Fringe World review: Leah Shelton, Bitch on Heat ·
The Blue Room, February 6 ·
Review by David Zampatti ·
They come along once in a blue moon. Shows that stop you dead in your tracks.
Neil Watkin’s sordid, poetic, The Year of Magical Wanking in 2012; Bryony Kimming’s daring, beautifully structured Sex Idiot in 2015; Lucy Jane Parkinson’s rambunctious, salty Joan last year.
All of them took no prisoners; all of them cranked up the dial; all of them changed what to expect, what you need to know, and what you must allow.
Now there’s another. Leah Shelton’s Bitch On Heat journeys down roads well travelled in contemporary theatre – female objectification, abuse, mental and physical violence and abandonment – but she does it in a high-octane, warp-speed battlewagon, leaving plenty of roadkill in its wake.
The result is fresh, massively empowering for its female audience and, to put it mildly, thought-provoking for male watchers.
The show is almost entirely physical action and lip-synch (the one line of spoken dialogue, “Shut the fuck up!”, makes shocking sense on a whole pile of levels), and the inventiveness of Shelton’s transitions, from a blow-up sex doll Pandora to a rapine old man (“Women are food”), from a cynical, transactional society dame to an exhausted, dejected and abandoned woman stripped of everything but pride, is incredible.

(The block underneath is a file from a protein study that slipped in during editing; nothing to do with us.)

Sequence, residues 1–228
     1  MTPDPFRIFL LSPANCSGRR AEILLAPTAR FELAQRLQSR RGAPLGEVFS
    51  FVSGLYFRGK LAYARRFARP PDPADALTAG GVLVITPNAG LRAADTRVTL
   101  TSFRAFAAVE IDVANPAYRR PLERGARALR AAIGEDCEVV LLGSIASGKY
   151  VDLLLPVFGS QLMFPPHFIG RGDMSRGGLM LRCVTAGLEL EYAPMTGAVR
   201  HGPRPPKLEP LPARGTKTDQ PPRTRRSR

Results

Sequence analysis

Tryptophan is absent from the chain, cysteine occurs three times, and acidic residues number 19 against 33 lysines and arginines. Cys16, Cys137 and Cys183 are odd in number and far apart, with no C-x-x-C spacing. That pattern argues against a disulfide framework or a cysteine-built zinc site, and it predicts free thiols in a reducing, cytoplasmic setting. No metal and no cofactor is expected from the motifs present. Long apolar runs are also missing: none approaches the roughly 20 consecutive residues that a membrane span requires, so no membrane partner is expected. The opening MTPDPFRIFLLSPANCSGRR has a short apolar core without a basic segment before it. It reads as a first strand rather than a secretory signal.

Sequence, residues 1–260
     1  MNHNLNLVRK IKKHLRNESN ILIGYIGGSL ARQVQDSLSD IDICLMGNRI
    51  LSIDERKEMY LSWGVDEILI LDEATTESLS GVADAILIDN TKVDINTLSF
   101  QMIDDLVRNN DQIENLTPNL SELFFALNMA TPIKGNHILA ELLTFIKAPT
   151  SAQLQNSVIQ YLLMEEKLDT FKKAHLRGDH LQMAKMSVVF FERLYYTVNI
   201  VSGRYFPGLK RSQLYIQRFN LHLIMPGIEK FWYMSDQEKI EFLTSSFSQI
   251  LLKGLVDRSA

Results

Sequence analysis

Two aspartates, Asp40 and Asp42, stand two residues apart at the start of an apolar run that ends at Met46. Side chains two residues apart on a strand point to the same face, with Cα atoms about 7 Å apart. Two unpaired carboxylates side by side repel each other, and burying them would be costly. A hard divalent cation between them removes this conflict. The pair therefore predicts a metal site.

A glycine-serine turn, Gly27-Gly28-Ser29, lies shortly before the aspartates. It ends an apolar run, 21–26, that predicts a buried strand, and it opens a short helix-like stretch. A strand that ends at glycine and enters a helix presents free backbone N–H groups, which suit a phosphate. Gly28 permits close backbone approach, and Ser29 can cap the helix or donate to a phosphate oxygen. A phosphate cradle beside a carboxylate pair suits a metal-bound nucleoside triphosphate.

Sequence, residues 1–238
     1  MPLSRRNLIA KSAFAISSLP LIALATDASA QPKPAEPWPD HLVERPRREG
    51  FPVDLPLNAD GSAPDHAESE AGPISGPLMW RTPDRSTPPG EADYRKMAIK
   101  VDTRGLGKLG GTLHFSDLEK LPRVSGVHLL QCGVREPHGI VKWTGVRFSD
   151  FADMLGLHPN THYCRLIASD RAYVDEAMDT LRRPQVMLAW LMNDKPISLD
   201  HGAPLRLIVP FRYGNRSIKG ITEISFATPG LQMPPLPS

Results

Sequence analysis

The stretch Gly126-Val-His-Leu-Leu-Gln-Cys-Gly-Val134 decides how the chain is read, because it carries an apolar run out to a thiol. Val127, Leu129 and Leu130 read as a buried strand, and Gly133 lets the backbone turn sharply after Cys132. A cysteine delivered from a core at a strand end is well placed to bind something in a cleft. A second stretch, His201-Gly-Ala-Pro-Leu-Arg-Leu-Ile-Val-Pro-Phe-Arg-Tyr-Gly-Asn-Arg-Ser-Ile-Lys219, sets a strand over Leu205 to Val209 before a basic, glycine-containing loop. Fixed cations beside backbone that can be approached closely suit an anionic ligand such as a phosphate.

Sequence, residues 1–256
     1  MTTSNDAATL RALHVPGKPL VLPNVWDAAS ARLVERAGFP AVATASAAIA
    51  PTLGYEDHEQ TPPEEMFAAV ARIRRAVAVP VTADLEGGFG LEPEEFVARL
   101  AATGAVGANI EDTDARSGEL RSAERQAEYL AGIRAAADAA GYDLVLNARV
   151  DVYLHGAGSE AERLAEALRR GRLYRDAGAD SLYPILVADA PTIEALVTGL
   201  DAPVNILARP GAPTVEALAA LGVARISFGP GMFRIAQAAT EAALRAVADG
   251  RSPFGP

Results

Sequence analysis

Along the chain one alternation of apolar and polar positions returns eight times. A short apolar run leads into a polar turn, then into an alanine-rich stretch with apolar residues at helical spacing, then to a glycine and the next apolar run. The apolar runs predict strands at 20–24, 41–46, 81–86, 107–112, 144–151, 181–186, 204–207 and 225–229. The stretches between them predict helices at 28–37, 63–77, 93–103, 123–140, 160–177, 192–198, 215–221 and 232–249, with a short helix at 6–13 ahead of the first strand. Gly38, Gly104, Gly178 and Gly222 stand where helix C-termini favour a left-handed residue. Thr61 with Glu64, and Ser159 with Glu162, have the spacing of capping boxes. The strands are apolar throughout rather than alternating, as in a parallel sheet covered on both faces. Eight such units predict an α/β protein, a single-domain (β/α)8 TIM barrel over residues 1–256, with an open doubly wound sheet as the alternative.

The great violence in the piece – inflicted and retributive – is stunningly enacted, its energy doesn’t flag for an instant, the clarity of its action, and what its action represents, is beyond impressive.
Shelton is simply magnificent, and her set and costume work is superlatively shocking and amazingly theatrically practical. Much credit is also due to Ursula Martinez (also performing in Perth this month as Perth Festival’s artist-in-residence), who directs this whirlwind of a show with precision, surprise and great humour, and to Kenneth Lyons, whose sound design is perfect.
The songs for the show, apart from their exquisite appropriateness (of course you should hack up your attacker to Cilla Black’s You’re My World, underplayed with fx from the Psycho shower scene, and celebrate your handi/knifi/axi-work with some pole acrobatics to Led Zep’s Immigrant Song; of course you should close the show with Martha Wainwright’s Bloody Motherfucking Arsehole), deliver the two things so often infuriatingly missing in most stage shows. They are played LOUD, and, more often than not, complete.
I’ve seen pretty much everything on The Blue Room stages in the last decade; don’t think I’ve ever seen an audience there so totally gobsmacked. This bloody, motherfucking thing will sell out. Hope you get in before it does.
Caption: Leah Shelton rams home her message.
Photographer: FenLan Chuang